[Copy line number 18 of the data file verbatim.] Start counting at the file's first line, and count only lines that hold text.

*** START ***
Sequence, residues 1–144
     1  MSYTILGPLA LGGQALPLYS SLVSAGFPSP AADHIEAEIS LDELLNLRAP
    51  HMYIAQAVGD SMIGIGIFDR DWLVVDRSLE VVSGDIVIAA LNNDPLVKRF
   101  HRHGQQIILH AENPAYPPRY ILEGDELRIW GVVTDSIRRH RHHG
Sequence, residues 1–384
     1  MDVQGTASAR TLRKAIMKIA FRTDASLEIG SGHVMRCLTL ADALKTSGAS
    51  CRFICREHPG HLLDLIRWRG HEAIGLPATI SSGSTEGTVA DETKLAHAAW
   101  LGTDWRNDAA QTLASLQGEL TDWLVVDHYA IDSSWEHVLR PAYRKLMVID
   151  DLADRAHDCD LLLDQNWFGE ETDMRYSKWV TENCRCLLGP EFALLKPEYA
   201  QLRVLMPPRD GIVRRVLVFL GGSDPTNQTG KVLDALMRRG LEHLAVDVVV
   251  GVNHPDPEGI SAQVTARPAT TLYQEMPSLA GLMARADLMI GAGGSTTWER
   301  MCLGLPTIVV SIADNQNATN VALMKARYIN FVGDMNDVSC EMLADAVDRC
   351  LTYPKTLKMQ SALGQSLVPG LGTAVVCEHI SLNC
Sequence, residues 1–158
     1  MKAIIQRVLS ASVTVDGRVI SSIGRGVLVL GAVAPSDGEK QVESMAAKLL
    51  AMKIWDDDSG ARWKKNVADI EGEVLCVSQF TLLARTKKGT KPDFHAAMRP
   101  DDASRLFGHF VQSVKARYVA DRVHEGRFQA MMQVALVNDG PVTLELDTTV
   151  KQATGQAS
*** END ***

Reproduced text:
   151  KQATGQAS